Difference Between Similar Terms and Objects

Difference Between Dumb And Mute


What is the difference between ‘dumb’ and ‘mute’? The words are synonyms for each other. They both refer to being speechless, and the expression ‘deaf and dumb’ is known by English speakers.  However, although the meaning by definition may be the same of these words, the usage can be very different, especially when referring to people. It should be noted that using ‘dumb’ is often inappropriate, and possibly even using ‘mute’ sometimes.

Dumb is an adjective. Its original meaning is to be lacking the power of speech. ‘Dumb’ can be used to describe animals and inanimate objects that obviously have no ability to talk. This meaning is expressed in ‘dumb waiter’, which is a mechanical device to carry things, like food and dishes between floors of a house or building. It is called ‘dumb’ because it acts like a human waiter delivering food or other items, but of course cannot talk because it is an inanimate object.

‘Dumb’ has another usage with humans. It means incapable of using speech because of being mute and unable to speak, most typically because of congenital deafness, or the inability to hear. However, it is not used in this way in modern speech by most people, and it can actually be considered quite offensive. The only way it is generally used in English today is to mean temporarily speechless, as with shock or fear. For example: I was dumb with disbelief when she appeared out of nowhere. Less frequently, but sometimes still used, it can also mean to be unwilling to speak, as in being shy. For example: Don’t just stand there dumb, say something!

The reason ‘dumb’ is often unacceptable to use in English relates to its other and more modern meaning of being conspicuously unintelligent or stupid. In this way, ‘dumb’ as slang is most often used by English speakers. For example: That was a dumb mistake. It can also be used to indicate that something was unintentional or haphazard, and that it did not require any skill. This is evident in the expression ‘dumb luck’. Because of this usage, it is considered offensive to refer to a person that cannot speak as ‘dumb’. It implies that the lack of ability to speak comes from a lack of intelligence or development, which is not the case in a deaf person.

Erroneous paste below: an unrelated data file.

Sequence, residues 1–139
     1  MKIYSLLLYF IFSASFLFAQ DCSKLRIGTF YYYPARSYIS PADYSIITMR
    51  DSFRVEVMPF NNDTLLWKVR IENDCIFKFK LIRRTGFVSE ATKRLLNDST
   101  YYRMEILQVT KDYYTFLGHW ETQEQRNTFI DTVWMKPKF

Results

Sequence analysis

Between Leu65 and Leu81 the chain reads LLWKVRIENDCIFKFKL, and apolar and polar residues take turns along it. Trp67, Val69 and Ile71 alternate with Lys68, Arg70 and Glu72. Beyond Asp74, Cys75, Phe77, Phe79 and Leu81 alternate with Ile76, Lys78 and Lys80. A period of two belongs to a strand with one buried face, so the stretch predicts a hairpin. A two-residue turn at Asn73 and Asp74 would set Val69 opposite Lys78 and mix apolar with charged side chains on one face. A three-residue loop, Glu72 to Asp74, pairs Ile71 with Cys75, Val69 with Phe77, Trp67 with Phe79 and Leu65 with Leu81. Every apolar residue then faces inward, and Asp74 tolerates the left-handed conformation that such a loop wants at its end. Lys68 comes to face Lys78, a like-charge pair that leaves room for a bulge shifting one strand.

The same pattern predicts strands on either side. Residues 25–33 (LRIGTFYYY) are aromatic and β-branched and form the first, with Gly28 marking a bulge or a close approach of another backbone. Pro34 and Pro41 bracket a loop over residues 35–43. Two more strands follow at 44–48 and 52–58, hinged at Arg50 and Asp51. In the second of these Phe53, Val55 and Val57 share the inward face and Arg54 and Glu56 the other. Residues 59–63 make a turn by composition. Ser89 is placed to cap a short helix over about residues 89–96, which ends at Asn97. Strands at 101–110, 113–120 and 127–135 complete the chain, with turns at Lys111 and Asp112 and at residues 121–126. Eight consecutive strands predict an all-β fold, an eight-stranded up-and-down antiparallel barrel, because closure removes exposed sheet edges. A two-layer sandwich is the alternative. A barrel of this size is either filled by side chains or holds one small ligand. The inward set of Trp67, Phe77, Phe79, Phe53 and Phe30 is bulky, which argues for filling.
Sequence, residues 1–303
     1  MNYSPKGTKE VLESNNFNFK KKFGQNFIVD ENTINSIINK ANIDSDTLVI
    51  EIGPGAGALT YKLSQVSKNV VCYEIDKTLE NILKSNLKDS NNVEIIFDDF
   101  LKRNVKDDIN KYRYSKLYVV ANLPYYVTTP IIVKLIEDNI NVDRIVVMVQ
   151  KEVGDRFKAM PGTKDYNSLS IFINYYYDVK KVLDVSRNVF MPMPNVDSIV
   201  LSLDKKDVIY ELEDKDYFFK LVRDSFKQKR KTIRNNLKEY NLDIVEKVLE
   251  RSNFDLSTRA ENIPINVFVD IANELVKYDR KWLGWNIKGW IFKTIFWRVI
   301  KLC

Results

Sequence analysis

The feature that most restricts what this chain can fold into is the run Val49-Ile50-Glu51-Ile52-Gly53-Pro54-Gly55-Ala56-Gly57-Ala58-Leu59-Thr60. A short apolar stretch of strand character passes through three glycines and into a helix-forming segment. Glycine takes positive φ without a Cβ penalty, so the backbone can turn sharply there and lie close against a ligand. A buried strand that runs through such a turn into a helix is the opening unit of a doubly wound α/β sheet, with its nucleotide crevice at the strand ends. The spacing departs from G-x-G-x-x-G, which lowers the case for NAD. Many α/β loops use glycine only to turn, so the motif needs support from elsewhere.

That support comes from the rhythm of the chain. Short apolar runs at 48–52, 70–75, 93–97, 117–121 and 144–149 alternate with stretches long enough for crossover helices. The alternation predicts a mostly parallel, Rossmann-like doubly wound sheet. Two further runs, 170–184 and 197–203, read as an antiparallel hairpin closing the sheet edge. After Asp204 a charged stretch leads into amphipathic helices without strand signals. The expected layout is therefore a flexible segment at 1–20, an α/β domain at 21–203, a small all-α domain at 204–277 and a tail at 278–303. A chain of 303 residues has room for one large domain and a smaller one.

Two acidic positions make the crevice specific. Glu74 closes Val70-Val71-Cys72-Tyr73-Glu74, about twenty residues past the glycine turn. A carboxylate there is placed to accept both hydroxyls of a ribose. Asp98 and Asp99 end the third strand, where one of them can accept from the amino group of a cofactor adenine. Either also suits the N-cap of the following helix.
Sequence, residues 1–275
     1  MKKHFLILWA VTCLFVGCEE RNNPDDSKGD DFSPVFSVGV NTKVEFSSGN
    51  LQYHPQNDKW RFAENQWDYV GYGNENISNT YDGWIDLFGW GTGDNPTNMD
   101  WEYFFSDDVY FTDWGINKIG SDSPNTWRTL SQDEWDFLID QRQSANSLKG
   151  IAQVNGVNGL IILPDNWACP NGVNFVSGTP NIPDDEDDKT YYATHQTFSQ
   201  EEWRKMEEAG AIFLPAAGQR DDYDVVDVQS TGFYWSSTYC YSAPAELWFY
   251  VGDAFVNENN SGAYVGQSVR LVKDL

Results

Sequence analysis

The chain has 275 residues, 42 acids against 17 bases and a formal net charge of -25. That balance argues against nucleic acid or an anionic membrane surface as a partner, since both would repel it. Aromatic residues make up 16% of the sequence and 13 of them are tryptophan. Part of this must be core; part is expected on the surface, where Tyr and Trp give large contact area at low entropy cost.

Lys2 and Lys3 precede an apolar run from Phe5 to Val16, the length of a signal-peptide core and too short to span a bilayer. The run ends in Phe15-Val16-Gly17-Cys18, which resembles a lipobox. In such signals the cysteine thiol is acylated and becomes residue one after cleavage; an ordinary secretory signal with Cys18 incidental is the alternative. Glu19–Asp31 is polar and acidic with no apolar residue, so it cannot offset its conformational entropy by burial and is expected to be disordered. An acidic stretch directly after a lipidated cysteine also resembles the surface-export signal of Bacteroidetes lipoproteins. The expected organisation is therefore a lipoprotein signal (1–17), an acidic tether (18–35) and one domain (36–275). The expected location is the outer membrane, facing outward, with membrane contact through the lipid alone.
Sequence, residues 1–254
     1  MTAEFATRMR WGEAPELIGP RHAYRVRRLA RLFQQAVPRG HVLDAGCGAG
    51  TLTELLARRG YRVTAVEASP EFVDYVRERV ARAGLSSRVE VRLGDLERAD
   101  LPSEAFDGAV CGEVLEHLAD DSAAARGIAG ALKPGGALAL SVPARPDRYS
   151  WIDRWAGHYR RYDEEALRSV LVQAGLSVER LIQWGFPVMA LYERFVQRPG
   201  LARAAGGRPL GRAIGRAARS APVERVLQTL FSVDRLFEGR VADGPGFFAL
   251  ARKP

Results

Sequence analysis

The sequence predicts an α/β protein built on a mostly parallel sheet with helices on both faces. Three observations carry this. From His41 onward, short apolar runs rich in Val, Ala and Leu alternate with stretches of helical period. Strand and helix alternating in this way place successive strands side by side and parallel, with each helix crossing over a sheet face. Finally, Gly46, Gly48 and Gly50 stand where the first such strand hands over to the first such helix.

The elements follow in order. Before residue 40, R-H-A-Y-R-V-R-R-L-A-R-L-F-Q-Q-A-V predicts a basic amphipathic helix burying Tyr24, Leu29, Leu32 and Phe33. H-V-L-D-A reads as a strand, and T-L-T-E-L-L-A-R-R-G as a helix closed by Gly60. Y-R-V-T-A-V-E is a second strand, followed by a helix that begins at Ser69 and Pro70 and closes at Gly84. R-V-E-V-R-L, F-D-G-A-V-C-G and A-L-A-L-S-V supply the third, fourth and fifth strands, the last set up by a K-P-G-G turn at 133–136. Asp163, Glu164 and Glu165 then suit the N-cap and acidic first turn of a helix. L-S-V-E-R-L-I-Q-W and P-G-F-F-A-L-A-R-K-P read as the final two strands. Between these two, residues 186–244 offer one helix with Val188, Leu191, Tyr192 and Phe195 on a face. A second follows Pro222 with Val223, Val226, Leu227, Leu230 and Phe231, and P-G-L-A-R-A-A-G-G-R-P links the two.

‘Mute’ has the meaning of being unable to speak, similarly to ‘dumb’. Historically, ‘deaf-mute’ was a term to identify a person that was deaf and could not speak. While it still continues to be used to refer to people that are unable to speak, it can be considered offensive by some. It should be used with caution when referring to people. Most deaf people prefer to simply be considered ‘deaf’, even though that term does not have any bearing on a person’s ability to speak. ‘Mute’, however, is still often used to refer to inanimate objects. It most commonly, perhaps, used as verb meaning to turn off the sound of something. For example: Please mute the T.V., I am on the phone.

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  1. Stop trying to be so Dumb. Deaf and dumb is still the way to say that a person cannot hear or speak. Mute means that they cannot utter sounds. Did you ever push the MUTE button on your electronic devices? You don’t get squeaks and yelps, you get silence. Only the PC crowd gets upset by every word spoken. Sometimes they should just hit their own MUTE button.

    • Cambridge®? Harvard®?? Oxford®??? Stanford®????°

      (Assuming you meant “liberals” by “PC crowd”)

  2. Thank you for your carefully written and nuanced definition of the word “dumb”. I know someone who calls himself dumb, yet he speaks incessantly. Now I feel better prepared to point out that he’s not dumb, because if he were, his silence would be perhaps his best quality!

    • I wonder if he’s using the more common and well-known usage, as a synonym of “unintelligent”. The word “stupid” has this problem as well (note the noun form “stupor” — suspension or great diminution of sensibility, as in disease or as caused by narcotics, intoxicants, etc.)

  3. Hmmm. I am a Catholic priest, and the baptismal rite uses the phrase, “The Lord Jesus made the deaf to hear and the dumb to speak.” I always use the word “mute” instead of dumb, primarily because of the negative connotation of “dumb.”

    I’ve never been that comfortable with “mute” either, but if I used “speech impaired,” then I’d also have to use “hearing impaired” instead of deaf. I wouldn’t mind doing so, but my brain can only deal with so many extemporaneous edits during any given ceremony…

  4. Your explanation is so confusing that is useless. Dumb is someone who does not want to talk (due to psychological problems or just for the hell ot it), mute is someone who physically cannot talk.

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